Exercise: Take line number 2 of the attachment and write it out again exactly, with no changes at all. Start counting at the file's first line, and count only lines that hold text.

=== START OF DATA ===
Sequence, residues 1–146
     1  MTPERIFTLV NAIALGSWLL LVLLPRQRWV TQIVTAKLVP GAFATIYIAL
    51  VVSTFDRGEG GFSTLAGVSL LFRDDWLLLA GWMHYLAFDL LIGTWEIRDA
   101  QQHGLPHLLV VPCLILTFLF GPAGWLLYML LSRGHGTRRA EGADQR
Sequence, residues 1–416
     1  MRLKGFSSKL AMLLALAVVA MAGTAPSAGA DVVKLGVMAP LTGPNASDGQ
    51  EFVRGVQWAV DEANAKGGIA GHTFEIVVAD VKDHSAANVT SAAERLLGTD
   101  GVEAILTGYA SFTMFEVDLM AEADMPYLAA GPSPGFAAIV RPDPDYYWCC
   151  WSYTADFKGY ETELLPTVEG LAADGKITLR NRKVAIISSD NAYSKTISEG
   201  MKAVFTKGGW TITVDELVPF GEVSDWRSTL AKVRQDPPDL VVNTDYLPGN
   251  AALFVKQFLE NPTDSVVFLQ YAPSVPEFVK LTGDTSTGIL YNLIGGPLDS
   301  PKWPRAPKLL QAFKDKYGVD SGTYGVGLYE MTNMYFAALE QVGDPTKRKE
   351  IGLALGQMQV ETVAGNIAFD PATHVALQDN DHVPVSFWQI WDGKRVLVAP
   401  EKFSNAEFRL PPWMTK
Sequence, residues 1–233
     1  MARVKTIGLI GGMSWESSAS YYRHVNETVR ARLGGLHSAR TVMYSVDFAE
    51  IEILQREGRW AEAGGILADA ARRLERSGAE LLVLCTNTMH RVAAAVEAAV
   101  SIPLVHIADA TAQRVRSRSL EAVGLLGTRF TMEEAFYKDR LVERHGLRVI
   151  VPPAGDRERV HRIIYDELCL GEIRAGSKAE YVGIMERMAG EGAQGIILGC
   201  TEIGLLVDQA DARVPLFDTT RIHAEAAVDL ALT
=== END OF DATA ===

     1  MTPERIFTLV NAIALGSWLL LVLLPRQRWV TQIVTAKLVP GAFATIYIAL